CUSTODY AND CHILD SUPPORT
Custody (of a minor child) can be defined as a parent (or guardian) having a percentage of legal responsibility to care for his/her minor child(ren). As part of a separation, a legal document referred to as a Parenting Plan is developed to determine and allocate what percentage of the responsibility belongs to each parent. Depending on the circumstances of the case, one parent may have sole custody or 100% of the responsibility. Sole custody is becoming increasingly rare and is typically only used in cases where one parent is severely abusive, deceased, incarcerated or chooses to voluntarily give up custody. It is important to note, that the parent with less than 50% of the responsibility is usually still responsible for 50% of the financial responsibility of the child(ren) and will be required to pay child support to Child Support Enforcement. Any and all child support payments should be made to the Division of Child Support Enforcement- not to the other parent.
Typically speaking, each parent is responsible for 50% of the care of each minor child. This 50/50 parenting responsibility is commonly referred to as Shared Parenting. The specifics of the shared parenting are written out in the Parenting Plan and the details are as unique as the individuals involved. Responsibilities are assigned to each parent and can include such details as which days/weeks he/she is responsible for the child(ren), who will carry the health insurance, the school or daycare each child(ren) will attend, extra-curricular activities, etc.
As most parent knows, it takes a substantial amount of money to provide for a child. The needs are endless and can include things such as food, shoes, clothes, toiletries, school supplies, medical/dental care, daycare, extra-curricular fees, etc. In an effort to divide the financial burden equally among parents, child support is established. The amount each parent is required to pay in child support (if any) can vary greatly and is determined by each parent’s gross income, the percentage of responsibility they have for the child(ren), etc. Child Support is the child’s entitlement and cannot simply be waived at the parent’s discretion.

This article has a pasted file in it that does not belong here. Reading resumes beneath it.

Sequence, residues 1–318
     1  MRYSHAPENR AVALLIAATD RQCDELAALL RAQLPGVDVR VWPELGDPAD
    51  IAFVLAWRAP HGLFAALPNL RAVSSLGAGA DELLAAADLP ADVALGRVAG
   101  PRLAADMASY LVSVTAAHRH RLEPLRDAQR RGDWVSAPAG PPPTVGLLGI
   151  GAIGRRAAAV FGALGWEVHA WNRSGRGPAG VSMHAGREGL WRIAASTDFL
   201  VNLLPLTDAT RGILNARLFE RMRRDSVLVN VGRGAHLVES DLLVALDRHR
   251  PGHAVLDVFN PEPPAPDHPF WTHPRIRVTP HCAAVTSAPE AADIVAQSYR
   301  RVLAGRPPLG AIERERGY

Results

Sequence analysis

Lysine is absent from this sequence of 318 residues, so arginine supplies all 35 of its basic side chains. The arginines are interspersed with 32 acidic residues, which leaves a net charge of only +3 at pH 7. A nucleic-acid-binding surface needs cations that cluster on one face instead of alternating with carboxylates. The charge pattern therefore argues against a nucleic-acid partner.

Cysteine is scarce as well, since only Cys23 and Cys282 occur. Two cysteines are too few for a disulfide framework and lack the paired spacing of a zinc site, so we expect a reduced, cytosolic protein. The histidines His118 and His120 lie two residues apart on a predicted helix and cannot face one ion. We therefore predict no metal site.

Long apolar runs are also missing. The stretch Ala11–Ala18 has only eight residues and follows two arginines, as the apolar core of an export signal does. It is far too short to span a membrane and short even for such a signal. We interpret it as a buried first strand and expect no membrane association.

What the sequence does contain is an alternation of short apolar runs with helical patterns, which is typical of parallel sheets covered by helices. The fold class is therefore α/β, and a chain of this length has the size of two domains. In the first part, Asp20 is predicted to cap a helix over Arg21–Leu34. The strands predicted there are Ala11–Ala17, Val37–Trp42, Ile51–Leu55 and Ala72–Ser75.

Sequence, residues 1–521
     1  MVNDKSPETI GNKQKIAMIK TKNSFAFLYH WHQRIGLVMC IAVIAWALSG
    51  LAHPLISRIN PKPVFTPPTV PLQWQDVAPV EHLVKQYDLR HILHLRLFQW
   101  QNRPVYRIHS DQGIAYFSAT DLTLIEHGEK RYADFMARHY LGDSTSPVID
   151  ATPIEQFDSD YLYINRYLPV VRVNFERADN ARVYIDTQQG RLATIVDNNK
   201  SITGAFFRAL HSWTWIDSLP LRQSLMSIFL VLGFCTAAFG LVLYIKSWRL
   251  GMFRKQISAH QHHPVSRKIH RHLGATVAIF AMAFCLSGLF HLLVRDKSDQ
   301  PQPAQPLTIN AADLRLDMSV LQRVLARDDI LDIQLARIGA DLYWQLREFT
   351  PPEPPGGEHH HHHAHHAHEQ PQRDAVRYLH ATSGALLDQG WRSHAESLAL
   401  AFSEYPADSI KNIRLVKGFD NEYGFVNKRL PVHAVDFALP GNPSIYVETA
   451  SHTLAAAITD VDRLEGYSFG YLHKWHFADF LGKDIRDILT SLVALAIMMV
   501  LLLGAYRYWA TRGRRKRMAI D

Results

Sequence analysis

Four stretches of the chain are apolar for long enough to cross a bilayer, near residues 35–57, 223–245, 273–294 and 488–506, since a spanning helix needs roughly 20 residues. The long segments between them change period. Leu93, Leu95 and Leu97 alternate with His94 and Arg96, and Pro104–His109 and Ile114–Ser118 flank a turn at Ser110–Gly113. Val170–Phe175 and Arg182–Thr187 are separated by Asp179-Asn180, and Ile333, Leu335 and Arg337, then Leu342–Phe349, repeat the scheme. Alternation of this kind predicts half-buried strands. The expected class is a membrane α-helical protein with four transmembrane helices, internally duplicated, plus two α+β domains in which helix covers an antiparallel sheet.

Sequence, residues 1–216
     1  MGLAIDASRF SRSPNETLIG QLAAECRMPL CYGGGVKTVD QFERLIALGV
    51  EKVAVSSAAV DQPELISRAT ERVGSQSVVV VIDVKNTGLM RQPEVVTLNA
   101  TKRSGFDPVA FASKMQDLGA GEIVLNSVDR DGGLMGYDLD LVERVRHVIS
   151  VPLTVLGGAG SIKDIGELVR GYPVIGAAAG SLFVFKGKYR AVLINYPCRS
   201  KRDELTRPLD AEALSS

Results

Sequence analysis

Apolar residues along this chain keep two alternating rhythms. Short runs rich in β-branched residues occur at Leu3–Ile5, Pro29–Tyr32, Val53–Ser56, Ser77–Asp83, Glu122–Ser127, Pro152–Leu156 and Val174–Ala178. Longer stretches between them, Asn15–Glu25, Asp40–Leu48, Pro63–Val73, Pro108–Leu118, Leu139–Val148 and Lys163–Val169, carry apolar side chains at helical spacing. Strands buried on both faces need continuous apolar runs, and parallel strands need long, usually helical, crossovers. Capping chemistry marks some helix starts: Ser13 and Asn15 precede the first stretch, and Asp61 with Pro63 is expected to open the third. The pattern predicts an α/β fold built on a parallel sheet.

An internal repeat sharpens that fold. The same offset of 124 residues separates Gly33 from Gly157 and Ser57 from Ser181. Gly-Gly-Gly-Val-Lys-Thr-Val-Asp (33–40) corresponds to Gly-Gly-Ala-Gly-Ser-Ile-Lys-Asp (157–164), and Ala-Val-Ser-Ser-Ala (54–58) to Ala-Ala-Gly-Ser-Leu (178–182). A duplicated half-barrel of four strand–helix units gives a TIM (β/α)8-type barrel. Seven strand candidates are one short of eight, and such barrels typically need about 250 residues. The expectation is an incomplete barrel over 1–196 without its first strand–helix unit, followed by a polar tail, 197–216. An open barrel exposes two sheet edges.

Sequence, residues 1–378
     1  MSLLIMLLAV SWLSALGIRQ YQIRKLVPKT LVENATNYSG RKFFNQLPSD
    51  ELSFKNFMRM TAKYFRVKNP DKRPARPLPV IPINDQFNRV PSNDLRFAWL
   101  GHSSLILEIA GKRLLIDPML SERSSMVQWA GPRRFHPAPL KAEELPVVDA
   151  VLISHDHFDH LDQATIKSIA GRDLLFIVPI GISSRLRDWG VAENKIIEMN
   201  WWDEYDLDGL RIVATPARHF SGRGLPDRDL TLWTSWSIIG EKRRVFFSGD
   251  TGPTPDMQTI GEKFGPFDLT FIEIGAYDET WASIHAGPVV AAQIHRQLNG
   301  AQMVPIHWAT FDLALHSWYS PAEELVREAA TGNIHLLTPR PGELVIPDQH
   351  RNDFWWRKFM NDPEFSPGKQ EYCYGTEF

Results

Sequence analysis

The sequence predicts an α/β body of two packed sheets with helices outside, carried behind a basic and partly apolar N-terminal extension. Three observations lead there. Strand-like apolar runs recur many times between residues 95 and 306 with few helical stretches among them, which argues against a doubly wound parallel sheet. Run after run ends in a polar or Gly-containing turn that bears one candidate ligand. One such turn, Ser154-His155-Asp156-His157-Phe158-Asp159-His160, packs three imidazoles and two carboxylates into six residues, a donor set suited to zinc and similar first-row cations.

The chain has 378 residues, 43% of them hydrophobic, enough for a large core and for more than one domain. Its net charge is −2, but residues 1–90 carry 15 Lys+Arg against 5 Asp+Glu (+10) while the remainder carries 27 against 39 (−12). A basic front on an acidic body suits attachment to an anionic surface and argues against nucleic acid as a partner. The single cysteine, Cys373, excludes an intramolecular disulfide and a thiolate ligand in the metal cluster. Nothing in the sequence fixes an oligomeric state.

On a personal note, I have had numerous clients over the years who chose to create a Parenting Plan and determine Child Support on their own or chose to trust an ex and just sign documents presented to them to avoid conflict. While I can appreciate the goodwill involved, this opens the door to errors with unforeseen consequences or just simply being taken advantage of by an ex with bad intentions. It is not uncommon for people in these situations to pay 2 or 3 times as much child support as the law would have required them to pay. My advice is to always run legal and binding agreements (of any kind) by an attorney before you sign. It’s much easier and cheaper to make adjustments beforehand than to attempt to undue previous mistakes.
As always, the Law Office of Pamela J. Helton is here to help guide you and establish Custody and Child Support Agreements. If you would like more information or would like to consult with an attorney, please feel free to contact us at (352) 243-9991.